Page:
The significance of what he was about to do wasn’t lost on Ethan Greene. It was a big moment in his life; it would be in any man’s, he guessed.
But as he battled through the Manhattan crowds on possibly the busiest shopping day of the year, he wished that he’d chosen a better time.
Christmas Eve on Fifth Avenue? He must be mad.
Taking a deep breath of the cold air, which was refreshing and not as damp as it usually was in London, he couldn’t help but think how little had changed since the last time he was in this city and, at the same time, how much had.
Arriving in New York only two days earlier, he’d surprised himself by how well he remembered the landmarks and how easily he found his way around. The jostle of the subway ride from midtown to downtown and back again, the scent of well-worn vinyl taxi seats and the endless hum of a billion sounds – human or inanimate – buoyed him. The unmistakable buzz of the place put a new spring in his step, something he hadn’t felt in years.
But now Ethan was in a hurry and acutely aware that the minutes were ticking by and the crowds seemed to be growing thicker. There wasn’t much time left.
Alongside him Daisy squeezed his hand briefly as if sensing what he was thinking, yet she couldn’t possibly know what he’d planned. All he’d said was that he needed to make one more stop before they returned to the warmth of their hotel. Conscious of how much he hated crowds (and shopping for that matter) she was probably just trying to put him at ease.
How would she react? OK, so the idea had been on the cards for a while and had been mentioned more than once recently, so by rights today shouldn’t really be too much of a surprise. While she seemed keen, Ethan now realised that he really should have spoken to her about today – it was unlike him not to discuss such matters with her in more detail – but the truth was that he was nervous. What if her reaction wasn’t as positive as he’d anticipated? As he wondered, an anxious lump appeared in his throat. Well, he’d find out her reaction soon enough, especially when they reached their destination.
She looked especially pretty today, he thought, wrapped up in a multitude of layers to keep out the teeth-chattering cold, her blonde curls creeping out under a dark woollen hat, and her red nose appearing above a black embroidered scarf. Despite the cold, she was loving New York just as he’d known she would, and everyone knew there was no better time than Christmas to visit the city that never sleeps. Yes, this was a good idea, Ethan reassured himself. Everything would work out fine.
Finally, having negotiated their way through the mass of last-minute shoppers, they reached the corner of Fifth Avenue and Fifty-Seventh Street. He looked at Daisy, and her eyes widened in surprise as he took her hand and steered them both towards the entrance.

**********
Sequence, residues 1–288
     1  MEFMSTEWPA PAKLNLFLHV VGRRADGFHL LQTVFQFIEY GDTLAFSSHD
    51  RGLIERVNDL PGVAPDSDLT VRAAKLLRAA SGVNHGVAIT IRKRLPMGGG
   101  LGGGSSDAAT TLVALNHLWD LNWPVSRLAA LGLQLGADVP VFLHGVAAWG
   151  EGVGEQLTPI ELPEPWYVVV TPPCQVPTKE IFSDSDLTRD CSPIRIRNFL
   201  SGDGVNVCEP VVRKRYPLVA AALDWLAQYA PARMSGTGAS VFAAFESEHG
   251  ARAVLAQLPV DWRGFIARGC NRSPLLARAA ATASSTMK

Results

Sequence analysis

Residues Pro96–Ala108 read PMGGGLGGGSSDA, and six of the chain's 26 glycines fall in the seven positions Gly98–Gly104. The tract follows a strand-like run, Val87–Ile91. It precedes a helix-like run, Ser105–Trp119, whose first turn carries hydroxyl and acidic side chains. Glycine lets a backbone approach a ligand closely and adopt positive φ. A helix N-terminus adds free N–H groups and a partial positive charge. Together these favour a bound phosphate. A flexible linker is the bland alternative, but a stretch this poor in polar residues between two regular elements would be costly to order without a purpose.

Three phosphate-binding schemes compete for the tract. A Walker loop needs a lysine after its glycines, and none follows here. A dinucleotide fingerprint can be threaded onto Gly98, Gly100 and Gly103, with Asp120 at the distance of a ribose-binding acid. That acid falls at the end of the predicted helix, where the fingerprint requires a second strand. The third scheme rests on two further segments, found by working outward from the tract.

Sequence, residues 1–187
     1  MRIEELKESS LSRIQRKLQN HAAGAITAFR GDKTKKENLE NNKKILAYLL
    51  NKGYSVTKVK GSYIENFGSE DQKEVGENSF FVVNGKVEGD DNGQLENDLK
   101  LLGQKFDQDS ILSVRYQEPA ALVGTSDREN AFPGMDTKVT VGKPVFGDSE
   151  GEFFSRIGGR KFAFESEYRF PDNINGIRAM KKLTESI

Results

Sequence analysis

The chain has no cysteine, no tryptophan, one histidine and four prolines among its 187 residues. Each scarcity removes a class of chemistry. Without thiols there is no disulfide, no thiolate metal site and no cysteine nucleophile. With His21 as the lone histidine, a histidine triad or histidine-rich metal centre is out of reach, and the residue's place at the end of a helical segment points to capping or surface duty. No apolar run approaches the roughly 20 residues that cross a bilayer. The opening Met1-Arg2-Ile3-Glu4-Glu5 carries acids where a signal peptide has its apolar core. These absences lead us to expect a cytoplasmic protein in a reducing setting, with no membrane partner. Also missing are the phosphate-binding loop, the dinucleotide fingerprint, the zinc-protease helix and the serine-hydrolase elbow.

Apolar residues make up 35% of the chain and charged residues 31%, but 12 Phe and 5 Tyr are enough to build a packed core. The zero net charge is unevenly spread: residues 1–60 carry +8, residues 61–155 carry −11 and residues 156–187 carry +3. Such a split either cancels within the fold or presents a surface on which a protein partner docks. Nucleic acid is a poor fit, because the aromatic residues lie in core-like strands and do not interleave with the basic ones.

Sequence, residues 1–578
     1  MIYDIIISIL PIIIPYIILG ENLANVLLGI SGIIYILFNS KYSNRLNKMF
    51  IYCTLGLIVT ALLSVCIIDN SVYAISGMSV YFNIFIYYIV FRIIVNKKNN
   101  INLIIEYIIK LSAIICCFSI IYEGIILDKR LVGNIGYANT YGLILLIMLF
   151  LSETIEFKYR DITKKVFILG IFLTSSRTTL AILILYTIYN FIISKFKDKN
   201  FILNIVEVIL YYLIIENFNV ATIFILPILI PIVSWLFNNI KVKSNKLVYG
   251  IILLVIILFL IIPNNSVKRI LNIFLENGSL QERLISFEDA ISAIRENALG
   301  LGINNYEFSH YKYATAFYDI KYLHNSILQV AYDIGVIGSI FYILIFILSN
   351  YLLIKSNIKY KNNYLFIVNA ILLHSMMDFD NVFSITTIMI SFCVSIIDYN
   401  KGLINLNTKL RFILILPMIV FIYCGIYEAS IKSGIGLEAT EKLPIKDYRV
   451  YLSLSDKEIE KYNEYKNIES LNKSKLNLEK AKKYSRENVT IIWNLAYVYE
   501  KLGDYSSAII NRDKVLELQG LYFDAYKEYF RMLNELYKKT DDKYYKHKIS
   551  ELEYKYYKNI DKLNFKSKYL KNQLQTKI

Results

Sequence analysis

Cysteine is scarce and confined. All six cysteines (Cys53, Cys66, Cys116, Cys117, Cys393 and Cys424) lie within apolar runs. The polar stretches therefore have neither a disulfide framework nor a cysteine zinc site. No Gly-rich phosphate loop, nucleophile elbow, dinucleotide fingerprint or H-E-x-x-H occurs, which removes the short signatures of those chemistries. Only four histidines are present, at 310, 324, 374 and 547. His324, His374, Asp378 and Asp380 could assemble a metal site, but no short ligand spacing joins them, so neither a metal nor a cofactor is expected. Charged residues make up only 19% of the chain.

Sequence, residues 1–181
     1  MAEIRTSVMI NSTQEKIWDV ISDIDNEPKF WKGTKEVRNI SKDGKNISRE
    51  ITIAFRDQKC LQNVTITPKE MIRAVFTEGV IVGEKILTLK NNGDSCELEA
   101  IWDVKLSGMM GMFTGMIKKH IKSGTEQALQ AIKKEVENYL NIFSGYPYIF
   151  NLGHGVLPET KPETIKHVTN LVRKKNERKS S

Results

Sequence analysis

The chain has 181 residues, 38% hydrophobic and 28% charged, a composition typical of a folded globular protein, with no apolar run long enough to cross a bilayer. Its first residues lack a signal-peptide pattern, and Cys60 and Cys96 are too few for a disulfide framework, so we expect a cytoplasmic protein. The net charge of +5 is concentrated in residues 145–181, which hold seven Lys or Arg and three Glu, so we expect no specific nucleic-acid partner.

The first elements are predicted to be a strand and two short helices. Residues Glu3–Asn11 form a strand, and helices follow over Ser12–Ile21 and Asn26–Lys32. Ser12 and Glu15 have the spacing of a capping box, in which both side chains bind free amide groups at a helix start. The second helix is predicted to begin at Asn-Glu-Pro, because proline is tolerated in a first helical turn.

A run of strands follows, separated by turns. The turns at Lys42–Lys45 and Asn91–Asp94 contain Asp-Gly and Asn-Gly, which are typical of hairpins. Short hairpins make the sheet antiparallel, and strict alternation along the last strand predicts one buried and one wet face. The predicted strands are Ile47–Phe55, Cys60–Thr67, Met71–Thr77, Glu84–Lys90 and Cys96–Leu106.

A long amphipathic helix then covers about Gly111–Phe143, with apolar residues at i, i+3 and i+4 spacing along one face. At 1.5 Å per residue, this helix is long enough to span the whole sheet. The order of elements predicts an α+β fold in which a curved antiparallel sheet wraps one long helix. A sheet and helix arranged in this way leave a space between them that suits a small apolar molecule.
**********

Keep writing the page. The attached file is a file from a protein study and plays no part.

‘What’s going on?’ she squealed, glancing at the familiar nameplate beside the doorway, its typically clean-line wording on polished granite today surrounded by verdant pine branches especially for the Christmas season. ‘What do we need here?’
‘I told you – I need to pick something up,’ Ethan replied, leading the way and giving her a brief wink as the revolving glass doors deposited them in the hallowed halls of Tiffany & Co.
Daisy was immediately captivated by the vast, high-ceilinged sales floor and its column-free design, and she gazed in amazement at the long rows of glass-fronted cases, their precious wares twinkling alluringly under the spotlights.
‘Oh wow, it’s all so beautiful,’ she whispered in awe, standing in the middle of the aisle as crowds of equally spellbound shoppers and tourists milled around her, each one fascinated by the breathtaking jewellery displays. The store was one of the few in Manhattan that didn’t utilise lavish festive decoration; its sparkling wares required little embellishment, and combined with the unmistakably romantic Tiffany’s allure this was more than enough to create that magical Christmas feeling.
‘It is, isn’t it?’ Ethan agreed, his nervousness dissipating somewhat now they were here. He took her arm and guided her between the various display cases and down towards the elevators at the back, his tired feet temporarily soothed by the soft-carpeted floor.
‘Where are we going?’ she asked, moving forward reluctantly. ‘Slow down a bit! Can’t we take a look around? I’ve never been here before and … Where are we going?’ she repeated, bemused, as the elevator doors opened.
‘The second floor, please,’ Ethan requested.
‘Certainly, sir.’ The besuited lift attendant complied, graciously bowing his top-hatted head. He smiled at Daisy. ‘Madam.’
‘But … why would we be going there?’ she asked, her voice hushed, and he deduced she’d read from the directory display overhead what was on this particular floor. She was certainly taken with the place, but however enthralled she’d been downstairs, he knew she would really be impressed by the second floor.